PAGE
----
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Title: Numerical and experimental investigation of novel materials for laser and amplifier operations
Author: Oladeji, Ayodele
ISNI:       0000 0004 5914 9272
Awarding Body: University of Nottingham
Current Institution: University of Nottingham
Date of Award: 2015
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One of the most exciting areas of research in optics is rare-earth doped glasses and fibres with capacity for near-infrared to mid-infrared operations. In particular, there is great interest in optimising parameters like ion concentration, fibre length/geometry, and pump conditions for applications in photoluminescence, amplification and lasing. Round trip investigation from material fabrication, experimental setup and actual device can be laborious, expensive and come with some uncertainties. Some of these uncertainties are accurate identification of ion-ion interactions, impact of such interactions on device performance, correct extraction of phenomenological material properties and the prediction of combination of properties with numerical methods. In this thesis, the spectroscopic behaviour of rare-earth doped materials are theoretically studied via numerical simulations and experimentally verified. The models developed are applicable to steady-state and transient behaviour of rare-earths under different excitation conditions. For the simulation, a couple of spectroscopic parameters are needed which have to be obtained in advance from bulk glasses. Parameters like radiative and non-radiative lifetimes are calculated by complementing theoretical analysis with a few experimental measurements. The first part of the research concentrates on the study of ion-ion interactions in different concentrations of erbium doped sol-gel SiO2 prepared by the sol-gel method. The work includes continuous-wave (CW) and pulsed excitation spectroscopic measurement on the glasses that provide data for the model. These measurements together with the rate-equation modelling are used to obtain a physical understanding of the processes responsible for the fluorescence features observed. A particle swarm optimisation technique was used to predict the values of the ion-ion interactions. The behaviour of the 488 nm and 800 nm excitations were consistent with the predictions of the model. Indeed, the agreement between the calculated photoluminescence and the measured emission indicates that the six important processes that influence the ion-ion interactions in the bulk material have been correctly identified and included. With this model of photoluminescence at hand, it was possible to extend it to laser or amplifier configurations. Subsequently, erbium doped ZBLAN glass fibre with lower phonon energy were explored for lasing in the mid-infrared for application to 2.73 µm high-power delivery for tissue surgery. Accurate laser characteristics were predicted for two different designs, including the ultimate thermal designs. Optimum boundary conditions of mirror end-facet reflectivity, fibre length and effects of modelling parameters were addressed. The study is complimented with experimental data of double-clad fibre and the results reported were a clear documentation of the design of erbium doped ZBLAN fiber laser. Finally, the potential of P r3+ doped chalcogenide (GeAs(Ga/In)Se) glass for photoluminescence and lasing at 4.73 µm is studied. This is to answer the research question - Can we extract the spectroscopic parameters and also model the superior property of these novel glasses?. The laboratory facilities and availability of experimental data were decisive in the choice of praseodymium ions as well as inclusion of Gallium or Indium for this part of the research. The superior characteristics of Indium over Gallium for hotoluminescence and consequently device characteristics were studied with the aid of a rate equation model. The phenomenon of photon reabsorption in the chalcogenide fibres were also simulated and verified with experiment. The work has produced a comprehensive numerical model for the simulation of photoluminescence in P r3+doped selenide based chalcogenide glass and fibre from NIR to mid-IR especially in the Gallium and Indium based analogues.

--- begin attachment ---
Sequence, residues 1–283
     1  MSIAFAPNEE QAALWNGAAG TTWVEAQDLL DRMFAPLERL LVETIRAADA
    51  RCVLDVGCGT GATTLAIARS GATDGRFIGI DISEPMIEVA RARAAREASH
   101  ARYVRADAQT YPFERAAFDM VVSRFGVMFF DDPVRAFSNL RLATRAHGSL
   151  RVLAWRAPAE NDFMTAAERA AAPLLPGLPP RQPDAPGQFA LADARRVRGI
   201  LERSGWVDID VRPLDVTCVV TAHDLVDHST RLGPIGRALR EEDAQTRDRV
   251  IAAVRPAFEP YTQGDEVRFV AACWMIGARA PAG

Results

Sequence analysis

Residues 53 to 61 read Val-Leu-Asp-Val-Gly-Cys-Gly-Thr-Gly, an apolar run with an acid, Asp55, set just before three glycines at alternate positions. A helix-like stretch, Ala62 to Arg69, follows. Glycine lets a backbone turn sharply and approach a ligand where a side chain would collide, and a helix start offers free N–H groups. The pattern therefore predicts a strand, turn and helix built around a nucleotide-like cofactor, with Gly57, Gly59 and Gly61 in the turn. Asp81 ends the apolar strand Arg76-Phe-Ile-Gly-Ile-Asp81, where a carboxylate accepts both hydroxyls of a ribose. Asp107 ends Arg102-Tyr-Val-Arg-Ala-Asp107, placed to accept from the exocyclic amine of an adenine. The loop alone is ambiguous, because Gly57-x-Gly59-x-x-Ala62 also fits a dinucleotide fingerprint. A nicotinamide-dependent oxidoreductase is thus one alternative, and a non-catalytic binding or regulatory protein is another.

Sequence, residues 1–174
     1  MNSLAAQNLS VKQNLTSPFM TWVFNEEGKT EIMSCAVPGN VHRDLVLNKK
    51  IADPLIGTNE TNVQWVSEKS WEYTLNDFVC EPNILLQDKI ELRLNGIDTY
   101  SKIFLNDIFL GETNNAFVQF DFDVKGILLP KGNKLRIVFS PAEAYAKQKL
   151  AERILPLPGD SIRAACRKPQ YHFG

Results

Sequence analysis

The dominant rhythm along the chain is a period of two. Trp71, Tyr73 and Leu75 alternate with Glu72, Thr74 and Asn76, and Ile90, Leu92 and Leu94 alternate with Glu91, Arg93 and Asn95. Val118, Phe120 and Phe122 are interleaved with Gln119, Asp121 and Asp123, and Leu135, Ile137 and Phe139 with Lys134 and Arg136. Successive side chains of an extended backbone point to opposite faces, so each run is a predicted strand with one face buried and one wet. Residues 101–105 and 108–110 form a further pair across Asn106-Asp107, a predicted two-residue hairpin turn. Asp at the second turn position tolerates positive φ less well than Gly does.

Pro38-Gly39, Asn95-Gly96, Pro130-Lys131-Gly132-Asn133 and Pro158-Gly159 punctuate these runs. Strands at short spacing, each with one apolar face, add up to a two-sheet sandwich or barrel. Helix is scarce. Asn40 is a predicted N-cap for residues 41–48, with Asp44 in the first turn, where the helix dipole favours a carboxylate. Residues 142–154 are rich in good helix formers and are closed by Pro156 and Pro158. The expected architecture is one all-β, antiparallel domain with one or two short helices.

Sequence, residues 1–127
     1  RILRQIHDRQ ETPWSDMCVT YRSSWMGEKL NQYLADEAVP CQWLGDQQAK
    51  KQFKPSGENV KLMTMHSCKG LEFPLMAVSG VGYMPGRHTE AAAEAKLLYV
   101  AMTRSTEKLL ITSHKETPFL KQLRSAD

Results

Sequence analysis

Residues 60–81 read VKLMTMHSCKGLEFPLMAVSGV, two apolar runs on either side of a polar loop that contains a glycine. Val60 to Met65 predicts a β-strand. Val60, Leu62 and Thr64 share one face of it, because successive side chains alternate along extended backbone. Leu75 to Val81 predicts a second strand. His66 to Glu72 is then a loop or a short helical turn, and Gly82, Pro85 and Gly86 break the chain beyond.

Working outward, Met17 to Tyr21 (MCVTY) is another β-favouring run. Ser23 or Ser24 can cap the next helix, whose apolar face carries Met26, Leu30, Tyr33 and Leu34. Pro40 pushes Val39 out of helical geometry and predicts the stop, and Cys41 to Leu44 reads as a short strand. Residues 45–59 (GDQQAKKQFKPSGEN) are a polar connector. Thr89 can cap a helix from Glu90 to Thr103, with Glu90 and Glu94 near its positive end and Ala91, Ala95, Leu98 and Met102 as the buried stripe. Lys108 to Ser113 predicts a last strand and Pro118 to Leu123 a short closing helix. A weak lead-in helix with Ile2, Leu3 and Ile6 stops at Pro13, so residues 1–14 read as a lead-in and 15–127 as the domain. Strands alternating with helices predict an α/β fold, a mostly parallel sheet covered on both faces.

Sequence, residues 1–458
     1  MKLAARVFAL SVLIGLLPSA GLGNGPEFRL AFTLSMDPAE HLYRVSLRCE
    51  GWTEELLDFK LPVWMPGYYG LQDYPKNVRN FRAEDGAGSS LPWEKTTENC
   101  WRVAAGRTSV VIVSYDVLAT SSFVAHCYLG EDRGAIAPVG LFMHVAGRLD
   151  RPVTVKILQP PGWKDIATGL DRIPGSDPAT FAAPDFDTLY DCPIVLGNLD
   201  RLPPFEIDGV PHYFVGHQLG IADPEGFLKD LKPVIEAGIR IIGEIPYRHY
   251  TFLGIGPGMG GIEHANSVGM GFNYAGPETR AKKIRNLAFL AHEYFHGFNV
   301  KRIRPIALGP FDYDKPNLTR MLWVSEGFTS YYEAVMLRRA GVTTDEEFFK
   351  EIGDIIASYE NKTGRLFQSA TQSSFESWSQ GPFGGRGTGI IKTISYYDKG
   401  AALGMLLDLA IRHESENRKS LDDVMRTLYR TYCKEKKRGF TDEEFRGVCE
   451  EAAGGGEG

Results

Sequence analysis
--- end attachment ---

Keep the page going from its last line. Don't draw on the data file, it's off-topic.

Supervisor: Not available Sponsor: Not available
Qualification Name: Thesis (Ph.D.) Qualification Level: Doctoral
EThOS ID:  DOI: Not available
Keywords: TA1501 Applied optics. Phonics